The judge who presided over the Wednesday arraignment of a Nassau Community College student accused of leaving anti-Semitic messages on campus buildings said the young man’s conduct could have led to grave consequences considering how divided the nation is.
Jasskirat S. Saini, 20, of Plainview, who authorities said scrawled more than 100 anti-Semitic messages left at various sites at the Hempstead campus — including swastikas, “Heil Hitler”, and “KKK” — was arraigned on a dozen counts of first-degree aggravated harassment, dating back to March.
“It’s like putting a match to gasoline,” Judge Joseph Girardi said at Saini’s arraignment in First District Court in Hempstead.
Saini did not speak during his brief court appearance, but his attorney, Mitchell Hirsch of Hempstead, entered a not guilty plea on his behalf.
According to Hirsch, Saini deferred attending SUNY Buffalo until January so he could remain at home and help take care of his mother, who Hirsch said has breast cancer.
“He’s not an evil kid,” Hirsch said.
Authorities said Saini confessed, in writing and in a video recording, and told police he was reacting to “being harassed by members of the Jewish community” in his neighborhood.
In one incident on Dec. 9, at about 1:22 p.m. Saini used a permanent marker to draw 27 swastikas throughout the men’s bathroom in the E cluster building, according to the criminal complaint.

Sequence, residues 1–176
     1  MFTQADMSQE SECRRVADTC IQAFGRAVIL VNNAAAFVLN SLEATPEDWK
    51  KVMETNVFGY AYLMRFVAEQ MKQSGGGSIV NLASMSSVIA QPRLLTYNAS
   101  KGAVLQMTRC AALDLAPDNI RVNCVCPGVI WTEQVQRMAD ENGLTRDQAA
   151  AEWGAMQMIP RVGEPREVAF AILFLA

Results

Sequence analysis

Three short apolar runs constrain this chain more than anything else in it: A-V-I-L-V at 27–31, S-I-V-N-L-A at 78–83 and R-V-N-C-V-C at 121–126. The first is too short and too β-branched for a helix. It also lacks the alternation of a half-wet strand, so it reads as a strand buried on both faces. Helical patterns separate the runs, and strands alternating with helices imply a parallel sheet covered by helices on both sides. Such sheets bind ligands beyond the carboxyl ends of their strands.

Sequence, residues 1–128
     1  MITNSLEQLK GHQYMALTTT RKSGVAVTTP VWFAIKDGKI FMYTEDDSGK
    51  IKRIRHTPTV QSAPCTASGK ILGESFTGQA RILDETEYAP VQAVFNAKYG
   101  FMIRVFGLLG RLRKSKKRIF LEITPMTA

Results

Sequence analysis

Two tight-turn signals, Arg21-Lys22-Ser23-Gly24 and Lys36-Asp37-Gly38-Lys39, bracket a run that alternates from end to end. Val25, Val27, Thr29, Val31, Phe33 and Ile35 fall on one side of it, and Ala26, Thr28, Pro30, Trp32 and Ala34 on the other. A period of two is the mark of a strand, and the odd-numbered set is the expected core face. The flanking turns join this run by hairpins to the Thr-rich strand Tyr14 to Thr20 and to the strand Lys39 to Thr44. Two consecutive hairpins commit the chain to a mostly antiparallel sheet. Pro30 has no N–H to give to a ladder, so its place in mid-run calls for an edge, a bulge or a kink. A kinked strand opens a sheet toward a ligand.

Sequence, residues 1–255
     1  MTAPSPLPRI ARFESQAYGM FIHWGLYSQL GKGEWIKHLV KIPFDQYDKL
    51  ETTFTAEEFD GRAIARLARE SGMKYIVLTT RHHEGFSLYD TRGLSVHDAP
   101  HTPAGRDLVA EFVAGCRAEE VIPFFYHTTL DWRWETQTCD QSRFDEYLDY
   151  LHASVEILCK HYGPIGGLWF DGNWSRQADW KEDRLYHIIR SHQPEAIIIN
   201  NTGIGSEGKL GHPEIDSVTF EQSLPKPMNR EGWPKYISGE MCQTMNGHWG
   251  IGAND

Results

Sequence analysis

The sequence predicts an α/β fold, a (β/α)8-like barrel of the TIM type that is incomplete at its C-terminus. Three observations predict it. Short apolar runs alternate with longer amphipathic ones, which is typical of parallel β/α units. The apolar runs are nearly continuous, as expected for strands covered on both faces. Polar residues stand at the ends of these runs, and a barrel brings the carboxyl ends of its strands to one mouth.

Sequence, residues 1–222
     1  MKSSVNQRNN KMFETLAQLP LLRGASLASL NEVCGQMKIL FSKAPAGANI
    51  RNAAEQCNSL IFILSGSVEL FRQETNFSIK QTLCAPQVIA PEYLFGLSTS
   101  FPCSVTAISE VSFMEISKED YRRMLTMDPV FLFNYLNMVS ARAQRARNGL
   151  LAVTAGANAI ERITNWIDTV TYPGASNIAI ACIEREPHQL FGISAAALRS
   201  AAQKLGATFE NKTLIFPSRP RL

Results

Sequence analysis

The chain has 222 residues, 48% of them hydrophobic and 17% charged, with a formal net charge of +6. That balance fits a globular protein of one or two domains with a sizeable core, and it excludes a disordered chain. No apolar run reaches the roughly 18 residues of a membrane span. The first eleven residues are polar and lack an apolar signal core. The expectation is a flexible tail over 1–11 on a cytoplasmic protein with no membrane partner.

On Tuesday, Nassau police arrested Saini after he allegedly drew two swastikas on the exterior wall of H cluster building, and “KKK” on the floor of F cluster building.
In May, Saini was arrested and charged with third-degree criminal sale of marijuana. Hirsch said Nassau prosecutors had agreed to an adjournment in contemplation of dismissal, but a spokesman for District Attorney Madeline Singas said her office had not agreed to such a deal. That case is pending.
Hirsch, who represents Saini on the marijuana matter and has known him for more than a year, describes the college student as a “terrific” young man who failed to consider the ramifications of his conduct.
“He’s shown no indication whatsoever that he’s a hateful young man or the type of people that we see flash across CNN screens or other news screens,” Hirsch said after the arraignment.
Saini, who worked part time as a dental assistant, was taking classes at the community college during his SUNY deferment, according to Hirsch.
Alicia Steger, a spokeswoman for NCC, said Saini was suspended Tuesday after his arrest.
A man whom Hirsch identified in court Wednesday as Saini’s father declined to comment as he left the courthouse.
Judge Girardi set bail at $5,000 cash or bond for each count. Saini is being held at the Nassau County jail in East Meadow and he is scheduled to return to court Friday.